Which is Better for Employees: GDPR or HIPAA Compliance? 

The increased digitalization and data breaches make the protection of sensitive data more critical and urgent. Data breaches are costly, running into millions of dollars.

And an employee risk can expose you to more cyber threats and non-compliance costs. Since 1996, HIPAA has been enforcing the protection of patient health information within the US. 

But, GDPR is taking data protection to the next level. It applies to the EU, US, and around the globe, provided you handle EU resident data.

If you wonder which one applies best to your employees, read along. 

In this article, you’ll learn about:-

  • GPDR and its subjects; 
  • HIPAA and its subjects; 
  • A comparison between the two compliances; 
  • A recap on what’s best for your employees. 

Let’s dive in.



Source: Pixabay

General Data Protection Regulation, GDPR, is an EU data protection and security regulation. It came into effect in May 2018 and is one of the strictest data and security compliance at the time of the writing. 

Fines for flouting its standards can run into tens of millions of Euros. 

Who is Subject to GDPR?

It obligates any organizations operating, locally or globally, that target or gather data about EU citizens. Hence, it’s not location-dependent; provided you handle EU resident data, whether health, financial, etc., you’re liable. 

Here are the entities covered under GDPR:-

  • Has operations within the EU. In such a case, the regulation protects ALL users. 
  • Companies offering products or services to EU people. It includes even entities providing free offers. 
  • Entities that evaluate and track the behavior of EU people. It applies to an entity located within or outside the EU.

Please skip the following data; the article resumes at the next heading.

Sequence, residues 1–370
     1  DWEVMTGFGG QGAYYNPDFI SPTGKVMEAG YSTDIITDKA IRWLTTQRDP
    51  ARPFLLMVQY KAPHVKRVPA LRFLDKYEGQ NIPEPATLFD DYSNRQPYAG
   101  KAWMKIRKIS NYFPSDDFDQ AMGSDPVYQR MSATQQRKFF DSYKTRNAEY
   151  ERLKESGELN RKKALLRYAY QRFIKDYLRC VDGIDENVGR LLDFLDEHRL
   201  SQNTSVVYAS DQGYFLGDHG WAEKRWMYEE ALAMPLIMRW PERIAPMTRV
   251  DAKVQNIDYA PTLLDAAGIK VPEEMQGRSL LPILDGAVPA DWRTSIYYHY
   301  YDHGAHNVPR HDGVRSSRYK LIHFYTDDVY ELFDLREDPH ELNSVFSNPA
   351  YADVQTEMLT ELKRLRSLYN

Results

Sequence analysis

The Health Insurance Portability and Accountability Act (HIPAA) is a patient data protection regulation in the US. It has been operational since 1996 and covers several health information data like;

  • Diagnoses 
  • Test results;
  • Demographic data;
  • Prescription etc. 

Who is Subject to HIPAA?

According to HIPAA, entities that handle protected health information, PHI, are obligated to follow it. It defines the categories into two:

  • Covered entity. It refers to anyone that collects, creates, or transmits PHI as part of their operation in healthcare delivery. In short, clinics, hospitals, doctors, pharmacies, health insurance companies, etc., are covered entities. 
  • Business associate. It refers to a company or individual business partner or contractor to covered entities. But, they are under obligation to safeguard the PHI by following strict HIPAA Business Associate Agreements, BAA. The HIPAA BAA requirements detail technical, physical, and administrative checks for PHI security. Also, it documents permissible and impermissible use of patient information between HIPAA subjects. 

Hence, HIPAA covers healthcare facilities, insurance companies, and business partners that interact with the PHI. 

How GDPR & HIPAA Affects Employees 


Source: Maxpixel 

The GDPR upholds that you must have employee consent before processing their personal information. Under GDPR, an EU resident employee has the right to:-

  • Expunge or delete data you have on them. 
  • Stop the processing of their employee data. 
  • Obtain and use their personal information for their uses.